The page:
Cheltenham to Queenstown by Dale Goodwin

No comments

Dale Goodwin visits New Zealand for skate and explore!

Queenstown, New Zealand is pretty much the furthest you can fly around the world, 25 hours of flying, but I knew it’d be worth it. The weekend before leaving, a small crew gathered in Wales for a weekend of skate and I had a chat to fellow UKDH friend, Cam Deegan, who had been to Wellington, in the North Island of New Zealand earlier this year, to ask about what to expect. Wales has some beautiful places to skate, but literally everywhere is stunning in New Zealand. 

Upon arrival in Queenstown, exhausted from a total of 30 hours of travel, I was greeted by my friend I got to know through Mountainboarding, who also Freebord’s, so we’re generally after the same kind of Downhill roads. I simply had to try and sleep as much as possible the first night, to try and shift the jet lag, ready to skate the next day.

I awoke the next day, to go for my ‘morning run’, the road I was staying on (Marina Drive) was a 1km run, double hairpin, gnarly surface with gradient varying between 9‐19%. A pretty good warm up for anything! 

Later that day, early evening, we went to a local spot 5km away that had been on my mind since before arriving, a road called ‘The Remarkables’. A ski slope access road I’d seen a video of Patrick Lombardi do. 8 switchback corners of absolute perfect surface, 8‐16% gradient, quiet car wise (due to the ski slope being closed in Spring/Summer) and a stunning view of Mountains hiding Queenstown/Frankton within. 

That evening we met up with Budi, a Queenstown local has been in New Zealand for a year, a real cool guy who also turned out to be an amazing follow car driver/filmer. We filmed the below run during a beautiful sunset:

Longboarding: Remarkables Follow Run

The rest of the first week was mainly spent trying to find new nearby spots. There is great variety of spots in and around Queenstown, from 30% odd steep slide hills to perfect multiple hairpin side streets. What I found strange was how the residents of Queenstown barely blink an eye when they see a Longboarder bombing down their road, a world away from the usual ‘The Police have been called’ UK residents. Everyone I met was friendly and most people do some sort of extreme sport, most commonly Downhill Mountain biking or Snowboarding. I even walked past a school that teaches Street Skating as part of their curriculum.. how cool?! Despite this, almost every day we ended up back at the Remarkables, nothing comes close to it.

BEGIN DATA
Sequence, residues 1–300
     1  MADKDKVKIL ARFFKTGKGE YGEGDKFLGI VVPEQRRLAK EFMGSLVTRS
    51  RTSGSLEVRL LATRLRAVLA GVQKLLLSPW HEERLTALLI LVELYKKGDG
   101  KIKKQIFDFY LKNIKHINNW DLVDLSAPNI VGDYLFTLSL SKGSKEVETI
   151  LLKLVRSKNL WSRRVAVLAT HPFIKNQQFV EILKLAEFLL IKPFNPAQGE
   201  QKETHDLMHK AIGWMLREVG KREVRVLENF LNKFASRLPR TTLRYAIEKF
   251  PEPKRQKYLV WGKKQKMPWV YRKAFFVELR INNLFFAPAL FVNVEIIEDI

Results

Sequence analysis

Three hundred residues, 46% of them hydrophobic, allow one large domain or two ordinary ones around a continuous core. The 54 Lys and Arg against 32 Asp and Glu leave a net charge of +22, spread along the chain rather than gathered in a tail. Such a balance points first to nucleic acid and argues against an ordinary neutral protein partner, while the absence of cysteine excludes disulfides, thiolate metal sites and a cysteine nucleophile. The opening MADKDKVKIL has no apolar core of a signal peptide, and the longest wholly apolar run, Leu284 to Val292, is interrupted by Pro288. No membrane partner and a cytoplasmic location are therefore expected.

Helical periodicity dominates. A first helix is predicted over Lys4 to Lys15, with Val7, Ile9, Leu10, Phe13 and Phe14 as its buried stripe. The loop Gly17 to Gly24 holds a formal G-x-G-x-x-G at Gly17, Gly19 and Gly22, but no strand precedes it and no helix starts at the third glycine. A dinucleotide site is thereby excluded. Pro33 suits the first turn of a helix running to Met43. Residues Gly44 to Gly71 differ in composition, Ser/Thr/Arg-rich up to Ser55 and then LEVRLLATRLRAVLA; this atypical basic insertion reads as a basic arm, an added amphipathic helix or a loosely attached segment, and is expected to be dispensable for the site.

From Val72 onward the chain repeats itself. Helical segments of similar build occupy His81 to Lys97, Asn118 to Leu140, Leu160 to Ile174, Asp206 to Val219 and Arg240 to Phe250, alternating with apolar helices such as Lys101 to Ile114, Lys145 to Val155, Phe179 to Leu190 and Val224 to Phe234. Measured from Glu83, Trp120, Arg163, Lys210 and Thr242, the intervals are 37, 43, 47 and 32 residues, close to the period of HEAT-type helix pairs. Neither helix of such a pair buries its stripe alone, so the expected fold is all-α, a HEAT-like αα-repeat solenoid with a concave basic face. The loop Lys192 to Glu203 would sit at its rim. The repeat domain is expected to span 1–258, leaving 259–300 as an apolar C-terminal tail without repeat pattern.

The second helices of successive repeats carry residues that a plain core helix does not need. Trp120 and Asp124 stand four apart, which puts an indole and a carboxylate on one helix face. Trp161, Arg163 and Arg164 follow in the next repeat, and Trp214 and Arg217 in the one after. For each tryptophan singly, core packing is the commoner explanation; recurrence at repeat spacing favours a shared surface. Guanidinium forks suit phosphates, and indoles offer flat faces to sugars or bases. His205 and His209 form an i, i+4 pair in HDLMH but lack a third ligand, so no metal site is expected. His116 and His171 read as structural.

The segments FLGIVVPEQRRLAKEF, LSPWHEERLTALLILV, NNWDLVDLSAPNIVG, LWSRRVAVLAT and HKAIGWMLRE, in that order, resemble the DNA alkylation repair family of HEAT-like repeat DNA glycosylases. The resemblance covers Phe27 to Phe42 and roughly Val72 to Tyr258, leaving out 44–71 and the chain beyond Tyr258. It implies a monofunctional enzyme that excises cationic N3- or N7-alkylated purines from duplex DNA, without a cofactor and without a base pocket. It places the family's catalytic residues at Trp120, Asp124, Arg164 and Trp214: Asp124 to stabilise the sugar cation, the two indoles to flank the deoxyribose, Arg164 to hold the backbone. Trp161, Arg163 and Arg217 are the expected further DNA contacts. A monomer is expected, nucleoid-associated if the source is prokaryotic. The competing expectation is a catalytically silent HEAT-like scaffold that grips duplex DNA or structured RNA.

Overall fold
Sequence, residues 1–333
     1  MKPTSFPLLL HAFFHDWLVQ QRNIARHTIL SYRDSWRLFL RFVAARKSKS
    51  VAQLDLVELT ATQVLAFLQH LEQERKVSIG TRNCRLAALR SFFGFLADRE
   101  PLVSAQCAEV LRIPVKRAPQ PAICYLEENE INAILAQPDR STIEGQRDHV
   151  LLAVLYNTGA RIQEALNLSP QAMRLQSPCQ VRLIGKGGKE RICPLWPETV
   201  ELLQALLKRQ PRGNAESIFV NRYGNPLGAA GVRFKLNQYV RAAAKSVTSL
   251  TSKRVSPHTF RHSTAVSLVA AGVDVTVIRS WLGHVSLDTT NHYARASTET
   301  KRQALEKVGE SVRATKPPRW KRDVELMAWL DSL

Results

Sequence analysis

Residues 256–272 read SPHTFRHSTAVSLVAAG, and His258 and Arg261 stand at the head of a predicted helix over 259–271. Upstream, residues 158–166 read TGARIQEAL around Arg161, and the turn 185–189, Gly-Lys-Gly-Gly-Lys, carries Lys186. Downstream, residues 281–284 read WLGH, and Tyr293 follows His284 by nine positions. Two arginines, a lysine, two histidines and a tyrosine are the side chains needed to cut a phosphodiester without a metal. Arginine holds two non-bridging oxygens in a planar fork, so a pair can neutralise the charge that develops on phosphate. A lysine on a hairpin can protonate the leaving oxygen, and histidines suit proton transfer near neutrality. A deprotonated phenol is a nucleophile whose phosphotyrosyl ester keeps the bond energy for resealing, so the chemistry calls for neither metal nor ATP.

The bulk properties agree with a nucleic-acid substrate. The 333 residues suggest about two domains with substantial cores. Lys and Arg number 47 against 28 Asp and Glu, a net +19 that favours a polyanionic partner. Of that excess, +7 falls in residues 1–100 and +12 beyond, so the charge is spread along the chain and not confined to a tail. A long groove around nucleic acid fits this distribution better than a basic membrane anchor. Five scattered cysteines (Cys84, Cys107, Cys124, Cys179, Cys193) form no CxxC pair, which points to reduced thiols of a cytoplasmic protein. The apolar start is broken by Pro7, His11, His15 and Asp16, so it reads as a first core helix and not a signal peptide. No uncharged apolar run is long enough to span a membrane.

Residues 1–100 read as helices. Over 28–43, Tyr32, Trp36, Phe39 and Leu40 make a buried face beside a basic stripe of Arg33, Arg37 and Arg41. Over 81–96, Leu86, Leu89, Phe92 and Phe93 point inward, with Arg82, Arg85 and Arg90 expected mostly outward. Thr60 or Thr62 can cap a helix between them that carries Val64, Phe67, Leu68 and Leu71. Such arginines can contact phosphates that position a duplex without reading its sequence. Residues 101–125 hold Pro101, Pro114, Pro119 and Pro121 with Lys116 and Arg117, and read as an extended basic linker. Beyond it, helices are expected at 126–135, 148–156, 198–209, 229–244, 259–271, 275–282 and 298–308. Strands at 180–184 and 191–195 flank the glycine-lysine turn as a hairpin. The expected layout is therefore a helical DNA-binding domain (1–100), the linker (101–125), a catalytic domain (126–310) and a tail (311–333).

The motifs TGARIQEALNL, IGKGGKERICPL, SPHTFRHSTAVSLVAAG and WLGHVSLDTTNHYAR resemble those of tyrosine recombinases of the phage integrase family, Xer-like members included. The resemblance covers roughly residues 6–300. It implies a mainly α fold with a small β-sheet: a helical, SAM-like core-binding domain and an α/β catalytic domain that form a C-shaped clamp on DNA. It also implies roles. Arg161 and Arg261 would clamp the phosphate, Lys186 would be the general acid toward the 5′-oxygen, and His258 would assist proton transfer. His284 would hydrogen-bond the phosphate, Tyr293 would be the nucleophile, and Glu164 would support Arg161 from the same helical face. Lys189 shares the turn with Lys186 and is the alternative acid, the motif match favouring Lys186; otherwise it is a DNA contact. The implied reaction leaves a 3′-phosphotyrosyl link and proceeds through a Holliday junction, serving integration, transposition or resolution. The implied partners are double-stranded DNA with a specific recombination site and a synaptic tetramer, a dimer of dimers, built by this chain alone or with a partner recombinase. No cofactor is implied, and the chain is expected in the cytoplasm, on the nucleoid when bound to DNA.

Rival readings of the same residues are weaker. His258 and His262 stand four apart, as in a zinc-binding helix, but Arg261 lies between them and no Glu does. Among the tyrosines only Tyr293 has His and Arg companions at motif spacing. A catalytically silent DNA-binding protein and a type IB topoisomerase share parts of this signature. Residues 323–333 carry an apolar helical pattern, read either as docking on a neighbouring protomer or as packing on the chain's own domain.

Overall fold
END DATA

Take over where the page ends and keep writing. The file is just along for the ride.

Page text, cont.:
A “BTR’d” up sign at the top of Remarkables:

When the first weekend came around, we went on a road trip to the City of Dunedin. A 5 hour journey, through the beautiful South Island countryside. After checking in at a motel, I got in contact with Dunedin shredder, Gabe Kennedy, ready for a full day of skate on the Sunday. We met up on the Sunday at 11am at a local 20% odd slide hill named ‘Signal’. 4 shredders were in attendance (Gabe, Liam, Jack & Korbi). I was shown such a variety of amazing spots, all close together and seriously steep! It was the best day of skate in a very long time and I felt very welcome, a nice feeling when you’re on the complete opposite side of the world. I highly recommend to anyone going to the South Island of NZ to skate, visit Dunedin, you won’t regret it.

We headed back to Queenstown on the Tuesday morning, for my last 3 days before leaving. As you’d expect, a lot more time was spent at the Remarkables, mostly practicing pre‐drifts on the first 2 corners with the occasional full run, taking it in turns to do uplifts. Skating almost every day on spots like this, definitely improves your skating and gives your confidence a big boost, even in as short a period as 2 weeks. 

Luke Jeffery took the amazing cover photo and the photo below on the Tuesday evening, some of the best skate photos I’ve ever seen and a nice reminder of the amazing time I had in NZ:

Luke also made a film, here is the trailer: 


I’ll be back Queenstown.
Follow Dale Goodwin's blog for more!

This site uses Akismet to reduce spam. Learn how your comment data is processed.